Speaking of management, Taiwan still has a very top-heavy power structure. There is this expectation for senior managers to take on a paternal role in the organization and to be consulted on every decision. So, this is not the most ‘lean’ country as far as management goes, and you can expect to get serious pushback not only from managers, but from employees if you’re trying to export your current processes without adapting them.
A greater challenge for foreign businesses getting started in Taiwan is the language barrier. Most people speak Taiwanese (Hokkien) and Mandarin Chinese which is very close to that spoken in Mainland China. So, don’t expect to get addressed in English in business meetings or assume that there will always be someone there who speaks English.
While some speak English, it is rarely spoken outside of big, multinational businesses. You may find more Taiwanese fluent in Japanese because they attended school there. Expect to require assistance from translators. They’re most likely to be based in major cities like Taipei.
Finance in Taiwan
One thing you have to be ready for is financing, as getting credit in Taiwan can be tough for a foreign investor. The lack of a public registry is often thought to be the cause of this. On the other hand, however, Taiwan has excellent investor protection.
Also note that Taiwan uses its own currency, the New Taiwan dollar. While it is not considered as strong a currency as some of the neighboring ones, it does have benefits as far as trading goes. The weaker dollar makes buying and exporting Taiwanese goods a sound business proposition. The country is also very economically stable, which is another major plus.
Another thing you’ll have to be prepared for is Taiwan’s extremely complex tax code. It is estimated that taxes in the country take around 220 hours a year to complete. So, you have to make sure that you work with a reputable accountant that will allow you to avoid common pitfalls. This is also where a PEO will be able to help.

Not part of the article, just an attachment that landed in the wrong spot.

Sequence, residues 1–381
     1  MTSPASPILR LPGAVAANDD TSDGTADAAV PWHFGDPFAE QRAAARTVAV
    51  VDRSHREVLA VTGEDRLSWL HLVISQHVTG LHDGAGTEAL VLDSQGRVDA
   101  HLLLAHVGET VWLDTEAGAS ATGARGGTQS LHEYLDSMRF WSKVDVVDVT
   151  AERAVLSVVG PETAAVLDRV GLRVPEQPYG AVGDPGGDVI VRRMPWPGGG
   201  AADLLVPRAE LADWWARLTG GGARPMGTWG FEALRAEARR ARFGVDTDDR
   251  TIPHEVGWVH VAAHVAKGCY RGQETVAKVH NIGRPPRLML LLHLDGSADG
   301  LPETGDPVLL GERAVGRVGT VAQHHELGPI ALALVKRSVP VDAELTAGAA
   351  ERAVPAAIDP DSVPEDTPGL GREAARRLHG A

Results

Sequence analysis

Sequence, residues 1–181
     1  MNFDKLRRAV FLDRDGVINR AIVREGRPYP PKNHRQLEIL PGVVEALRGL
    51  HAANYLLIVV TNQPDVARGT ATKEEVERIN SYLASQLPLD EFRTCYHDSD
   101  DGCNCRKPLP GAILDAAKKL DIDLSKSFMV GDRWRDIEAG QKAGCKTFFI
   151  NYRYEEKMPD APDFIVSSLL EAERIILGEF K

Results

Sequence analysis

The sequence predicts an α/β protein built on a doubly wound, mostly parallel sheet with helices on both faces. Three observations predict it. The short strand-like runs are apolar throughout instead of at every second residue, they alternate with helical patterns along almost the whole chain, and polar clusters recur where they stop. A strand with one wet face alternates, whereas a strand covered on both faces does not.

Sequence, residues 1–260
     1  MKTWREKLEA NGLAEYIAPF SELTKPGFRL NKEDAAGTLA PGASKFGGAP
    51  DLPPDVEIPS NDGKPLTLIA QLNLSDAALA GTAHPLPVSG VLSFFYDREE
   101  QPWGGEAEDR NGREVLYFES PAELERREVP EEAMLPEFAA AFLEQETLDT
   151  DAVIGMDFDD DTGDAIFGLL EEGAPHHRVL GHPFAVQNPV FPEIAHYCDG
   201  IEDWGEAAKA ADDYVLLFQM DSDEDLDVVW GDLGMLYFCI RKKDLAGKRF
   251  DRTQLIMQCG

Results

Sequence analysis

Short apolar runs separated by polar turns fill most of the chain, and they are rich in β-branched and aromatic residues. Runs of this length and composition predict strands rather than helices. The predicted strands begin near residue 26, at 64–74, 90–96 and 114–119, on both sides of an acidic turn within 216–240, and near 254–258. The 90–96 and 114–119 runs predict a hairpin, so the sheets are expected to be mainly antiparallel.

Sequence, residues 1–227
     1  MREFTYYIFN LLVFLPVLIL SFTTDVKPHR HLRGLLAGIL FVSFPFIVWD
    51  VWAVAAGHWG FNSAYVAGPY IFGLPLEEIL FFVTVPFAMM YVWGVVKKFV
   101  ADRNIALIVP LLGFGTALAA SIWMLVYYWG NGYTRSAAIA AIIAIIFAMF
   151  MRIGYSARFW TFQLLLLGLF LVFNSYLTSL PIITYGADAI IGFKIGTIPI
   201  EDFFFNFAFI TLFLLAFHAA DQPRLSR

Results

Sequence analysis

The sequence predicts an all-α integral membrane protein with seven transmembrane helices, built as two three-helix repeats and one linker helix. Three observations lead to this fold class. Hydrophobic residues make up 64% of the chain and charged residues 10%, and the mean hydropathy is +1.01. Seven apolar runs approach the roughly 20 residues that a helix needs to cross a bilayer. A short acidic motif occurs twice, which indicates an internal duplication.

There are also multiple levies that would be unfamiliar to foreign business people. For example, there is stamp duty owed on all contracts. There are city house taxes and a vehicle license tax.
You also have to know about insolvency laws and procedures in the country before thinking of doing business there. Know that the process is much more complicated than in America. In the event that your business becomes insolvent, it could take nearly 2 years to resolve matters, so be prepared for that. However, the recovery rate of roughly 80% is considered high and insolvency proceedings themselves are relatively cheap.
Trade in Taiwan
Taiwan depends heavily on foreign trade, which is an advantage. The country makes it easy to import and export goods. Items typically cross the border in less than 10 days and at a relatively low cost. You only have to fill out about half a dozen forms to ship items outside of Taiwan.
Taiwan excels when it comes to transportation infrastructure. There are several world-class seaports here, though Kaohsiung is the only city with an international airport. This is why most international firms are located within twenty miles of Kaohsiung. The delivery of raw materials and components from Taiwanese firms is very fast as well.
Taiwan has one of the most business-friendly climates in the world. However, this doesn’t mean that doing business in Taiwan is not without its challenges. Make sure that you are aware of those, and have a solid team on the ground to guide you through.